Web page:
(urth) New Wolfe Story at Subterranean Press

Dan'l Danehy-Oakes danldo at gmail.com
Tue Jun 26 15:01:08 PDT 2007

On 6/26/07, Matthew King <automatthew at gmail.com> wrote:
> If I hadn't known the story was by Wolfe, this sentence would have
> revealed it:
> "I'm going to pry, Roberta. I'm going to ask you about things that
> are none of my business. I hope you'll answer."

Yeah ... that sounds like it could come right out of Silk's mouth,
doesn't it?

> So has the narrator caused Roberta to lose her innocence by leading
> her to  "realize" that she is a thing, not a real girl?  I use the
> scare quotes because Wolfe has consistently shown in his other work
> that one needn't be human to be people.

What we have here appears at first glance to be a variation on the
Pinocchio/Astro Boy problem: the robot who wants to be a "real boy," or,
in this case, girl. Roberta is, as you say, "people," and at the story's
beginning it has not even occurred to her that she might not be.

This tells us a few things (in the manner of science fiction) about the
culture in which she lives, the most important of which is that most
people in this culture accept robots as "people." She has been going
to school and does not appear to have been in any way singled out
or mistreated for her "different"-ness; she plays with flesh children
with nobody thinking anything bad or odd about it.

This is key. Robots are *totally* integrated into this human society.

Yet our narrator has a problem with that. He seems to function in the
society, but he hates it, hates what he perceives as its neat, orderly,
artificial nature, and especially its sterility.

Our gently curving streets offended me. Our neatly finished green
lawns, more than half of them of artificial grass, offended me still more.
I hated every house I saw; their fresh paint and absurd mixture of
styles were more than sufficient to account for any amount of hatred.

Yet I had another, better, reason. I hated then because there was
scarcely one that housed two children, and that most housed none.

Like my own.

The first question to pose here: Is his society really this sterile, or is
he projecting his own sterility onto it? The three words that convey
his own childlessness get a paragraph to themselves. They are
important to him.

This leads to a second: Is he human? If robots this integrated into
society, he might not think to mention it; yet, if he feels the way he
seems to, one would hardly think he would fail to mention it.

(Incidentally, why are we all saying "he" and "him"? Is the narrator's
gender ever mentioned?)

And the next paragraphs feed on this ambiguity:

My kind had built a paradise, of which I was a part. A paradise for
machines, in which the human race, though welcome, could not and
did not thrive. In and around the filthy huts of the medieval peasants,
children ran and shouted, laughed and wept, and no doubt received
sturdy buffets when they made too much noise. There the family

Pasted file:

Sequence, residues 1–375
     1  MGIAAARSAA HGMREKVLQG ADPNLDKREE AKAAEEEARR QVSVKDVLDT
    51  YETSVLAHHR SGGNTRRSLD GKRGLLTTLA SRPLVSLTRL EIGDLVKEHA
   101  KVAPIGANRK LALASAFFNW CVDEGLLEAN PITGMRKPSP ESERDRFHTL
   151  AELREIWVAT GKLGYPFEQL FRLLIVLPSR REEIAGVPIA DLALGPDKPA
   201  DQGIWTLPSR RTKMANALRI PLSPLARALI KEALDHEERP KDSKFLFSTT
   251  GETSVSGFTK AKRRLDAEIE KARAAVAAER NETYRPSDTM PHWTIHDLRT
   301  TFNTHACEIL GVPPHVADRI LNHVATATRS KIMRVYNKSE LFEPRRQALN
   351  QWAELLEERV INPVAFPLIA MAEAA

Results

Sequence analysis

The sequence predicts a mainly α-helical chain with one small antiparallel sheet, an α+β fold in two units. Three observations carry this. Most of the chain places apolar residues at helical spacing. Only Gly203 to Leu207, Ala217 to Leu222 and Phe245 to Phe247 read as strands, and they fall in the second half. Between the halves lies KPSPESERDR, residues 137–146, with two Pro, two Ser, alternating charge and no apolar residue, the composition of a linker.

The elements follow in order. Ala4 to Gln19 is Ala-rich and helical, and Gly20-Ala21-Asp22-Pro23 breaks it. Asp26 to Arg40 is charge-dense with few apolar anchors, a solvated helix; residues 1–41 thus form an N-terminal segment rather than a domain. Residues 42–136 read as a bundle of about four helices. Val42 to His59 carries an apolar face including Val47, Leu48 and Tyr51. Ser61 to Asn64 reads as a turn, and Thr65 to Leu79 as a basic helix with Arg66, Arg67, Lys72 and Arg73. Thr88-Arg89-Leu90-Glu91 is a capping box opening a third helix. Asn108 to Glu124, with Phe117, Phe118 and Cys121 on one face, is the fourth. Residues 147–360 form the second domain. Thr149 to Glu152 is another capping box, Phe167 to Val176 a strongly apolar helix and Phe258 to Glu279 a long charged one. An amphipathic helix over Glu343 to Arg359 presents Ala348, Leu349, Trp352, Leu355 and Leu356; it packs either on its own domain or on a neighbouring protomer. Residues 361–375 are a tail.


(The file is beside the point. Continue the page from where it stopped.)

sang around a table we would scorn. There grandmothers recounted
wild tales before the fire, tales full of bold boys who made good and
honest country maidens who tricked evil dwarves like me.

Tales that were full of life because the children were, and full of
death, too, because each child had to learn that death is life's

Here—But I have gone on too long already.

How very odd: the narrator speaks of "my kind," but as far as these
paragraphs suggest, the narrator's "kind" could as easily be the
machines as the humans.

I am reminded a bit of Isaac Asimov's story, "Segregationist," a story
about a surgeon who is opposed to the practice of putting machine
parts into human bodies. The "shock ending" reveals that the surgeon
is, himself, a robot (a fact important in the context of Asimov's robot
stories, in which robots very much reflected the position of Blacks
in mid-20th-century America).

Children full of life, and full of death: where is this going? And what
did the narrator stop him/herself from saying?

> I don't believe the dog was dead.

Nor do I. The narrator picks "him," not "it" up, and carries "him" home.
In a story that focuses (in part) on the relation between the living and
the non-living the choice of pronoun matters.

> > - A question that popped out at me while I was reading:  Who is the
> > "our" in the "our own" in the sentence quoted above?

An excellent question. The narrator does not at any other point mention
any companions -- unless it is the "we" who would "scorn" the
medieval peasants' tables.

> And why does the narrator give himself the role of the
> evil dwarf in his imagining of a fecund human past?

Because he has contributed to the corruption of an "honest country
maiden," perhaps. And perhaps, like Rumplestiltskin, all would be
resolved if we could guess his name. (Pleased to meet you ...)

We are clearly intended to set up parallels and oppositions
between the girls and the pups, leading to questions about
Julianne's parents(!), and about how all four relate to the
narrator. I find this detail telling. The narrator says that Rover

innocent as are the young of almost every animal, and
friendly as are the young of a very few.

The word "animal" takes on additional resonances if we try
on the position that the narrator is a robot, does it not?

Dan'l Danehy-Oakes, writer, trainer, bon vivant
Soon, where Toon Town once stood will be a string of gas stations,
inexpensive motels, restaurants that serve rapidly prepared food. Tire
salons, automobile dealerships and wonderful, wonderful billboards
reaching as far as the eye can see. My God, it'll be beautiful.

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